> outside the Labor Party and the Greens, and the second strand
> involving people in the ALP and the Greens, and a public discussion
> focussed around strategic questions in the workers movement.

As far as I see the SA will have to debate the question of the ALP and
the Greens.  Assuming it wants to be more than electoral, then its
clear that the Greens will take the protest vote.  As soon as we open
the editorial board to other tendencies then "strategic questions"
will be the order of the day.  I think a lot of the hostility Bob gets
from the DSP leadership has more to do with their respective histories
and Bob's membership of the ALP than anything else.

> I wish the DSP, ISO and the smaller groups well in the alliance
> project as they attempt to sort out their mutual relations, but I
> have a strong feeling that this discussion may well become a little
> stormy, as the DSP leadership elaborates in more detail the kind of
> organisational and political arrangements they envisage for the new
> formation.

Indeed

> I propose to the DSP, ISO and the smaller groups that as an
> extension of their internal discussion they also hold discussions on
> broader labour movement perspectives, union affiliation to the Labor
> Party, the united front tactic, the 60:40 rule and other matters
> that the DSP leadership has so far avoided discussing in a serious
> way.

I think that these discussions are necessary though at present they
belong in SA.  I'm not sure how the other groups will react to this
proposal (not at all I guess since Bob is not a member)

> That sort of discussion is dictated by "life itself" -- the useful
> phrase that the old Stalinists used to misuse. It is quite obvious,
> for example, that such a discussion would be of burning interest to
> the leftward-moving trade union militants in Victoria, to whom the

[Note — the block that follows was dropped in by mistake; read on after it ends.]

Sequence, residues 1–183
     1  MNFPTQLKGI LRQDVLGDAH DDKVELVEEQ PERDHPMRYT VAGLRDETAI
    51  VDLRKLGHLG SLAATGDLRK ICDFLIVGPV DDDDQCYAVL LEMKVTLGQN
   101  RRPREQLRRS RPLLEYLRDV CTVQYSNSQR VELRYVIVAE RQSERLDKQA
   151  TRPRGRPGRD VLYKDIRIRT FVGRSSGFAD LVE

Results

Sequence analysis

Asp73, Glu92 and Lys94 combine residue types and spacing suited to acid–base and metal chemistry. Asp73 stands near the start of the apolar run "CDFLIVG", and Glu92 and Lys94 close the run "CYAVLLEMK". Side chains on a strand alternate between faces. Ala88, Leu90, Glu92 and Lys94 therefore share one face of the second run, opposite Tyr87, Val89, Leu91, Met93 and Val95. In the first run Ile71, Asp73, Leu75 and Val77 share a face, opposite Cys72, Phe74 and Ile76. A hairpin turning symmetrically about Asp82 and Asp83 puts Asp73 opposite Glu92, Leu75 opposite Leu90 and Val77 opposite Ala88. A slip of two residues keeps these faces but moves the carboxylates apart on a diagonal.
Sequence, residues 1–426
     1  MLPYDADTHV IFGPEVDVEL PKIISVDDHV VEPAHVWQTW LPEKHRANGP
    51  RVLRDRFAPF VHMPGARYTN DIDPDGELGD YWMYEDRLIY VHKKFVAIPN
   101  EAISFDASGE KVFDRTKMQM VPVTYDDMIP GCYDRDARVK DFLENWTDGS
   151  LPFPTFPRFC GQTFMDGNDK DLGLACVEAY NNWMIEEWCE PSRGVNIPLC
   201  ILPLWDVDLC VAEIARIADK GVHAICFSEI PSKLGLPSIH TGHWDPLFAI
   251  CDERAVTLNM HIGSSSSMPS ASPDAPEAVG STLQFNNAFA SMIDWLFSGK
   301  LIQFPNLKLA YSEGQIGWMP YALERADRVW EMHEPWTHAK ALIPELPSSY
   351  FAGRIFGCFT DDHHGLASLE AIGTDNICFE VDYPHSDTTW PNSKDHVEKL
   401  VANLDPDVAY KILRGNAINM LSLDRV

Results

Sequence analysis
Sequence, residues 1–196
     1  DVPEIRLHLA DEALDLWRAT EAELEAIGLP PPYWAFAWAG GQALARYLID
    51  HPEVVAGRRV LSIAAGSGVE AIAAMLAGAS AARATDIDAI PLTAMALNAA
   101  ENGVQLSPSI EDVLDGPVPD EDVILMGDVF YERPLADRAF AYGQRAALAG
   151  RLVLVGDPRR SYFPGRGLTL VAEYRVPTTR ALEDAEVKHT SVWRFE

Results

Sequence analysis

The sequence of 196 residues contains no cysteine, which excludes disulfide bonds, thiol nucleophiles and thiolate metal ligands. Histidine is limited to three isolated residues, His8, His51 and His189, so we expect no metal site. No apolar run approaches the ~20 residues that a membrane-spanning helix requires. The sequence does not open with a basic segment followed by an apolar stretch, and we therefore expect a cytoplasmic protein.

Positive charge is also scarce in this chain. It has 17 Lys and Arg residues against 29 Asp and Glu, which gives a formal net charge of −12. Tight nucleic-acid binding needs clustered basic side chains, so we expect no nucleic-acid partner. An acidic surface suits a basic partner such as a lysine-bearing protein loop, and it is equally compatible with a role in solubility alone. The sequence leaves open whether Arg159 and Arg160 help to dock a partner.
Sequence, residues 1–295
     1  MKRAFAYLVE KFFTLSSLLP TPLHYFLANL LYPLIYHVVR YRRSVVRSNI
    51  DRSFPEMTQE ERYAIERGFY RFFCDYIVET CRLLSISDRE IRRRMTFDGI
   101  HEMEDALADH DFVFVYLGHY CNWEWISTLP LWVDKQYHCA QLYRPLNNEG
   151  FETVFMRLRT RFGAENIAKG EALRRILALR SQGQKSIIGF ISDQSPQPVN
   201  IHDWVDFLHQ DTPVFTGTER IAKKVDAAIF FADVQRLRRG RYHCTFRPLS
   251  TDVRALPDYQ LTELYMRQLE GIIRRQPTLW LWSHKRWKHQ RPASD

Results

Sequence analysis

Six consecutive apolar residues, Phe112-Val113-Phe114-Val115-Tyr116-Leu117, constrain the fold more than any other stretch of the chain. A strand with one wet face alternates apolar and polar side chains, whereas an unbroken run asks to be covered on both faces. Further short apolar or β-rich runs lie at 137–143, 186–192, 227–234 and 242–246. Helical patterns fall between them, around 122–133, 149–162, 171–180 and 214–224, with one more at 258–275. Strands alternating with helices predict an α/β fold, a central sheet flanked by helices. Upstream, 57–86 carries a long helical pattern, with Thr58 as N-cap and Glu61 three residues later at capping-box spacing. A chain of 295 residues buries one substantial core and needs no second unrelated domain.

> DSP leadership so frequently points with little comprehension or
> understanding of the variety of situations, complexities and
> circumstances in which these trade unionists inevitably have to
> operate.

It is outside our collective experience as a party to understand these
complexitieis which is why we are working with them.  What would the
advice of the Labor Party leadership be?

I have endeavoured to raise issues of process.  I think that the DSP
needs to have its own internal discussion. I don't think we are moving
with unseemly haste but are trying to be contructive and give the SA a
chance to be a genuine pole of attraction (thus far no-one in the DSP
is talking about SA as party- it's too early even if it's what we
hope.)

The problems in the ISO complicate matters but it's best they know our
intentions leading up to their conference, where they will decide for
themselves what they need to do to help build the revolutionary left.
None of this should be taken to mean that I don't think Bob has valid
points to make - indeed I have learned a great deal about labour
history from his writing and would seek to encourage debate in SA more
or less along the lines he advocates.

Cheers

Shane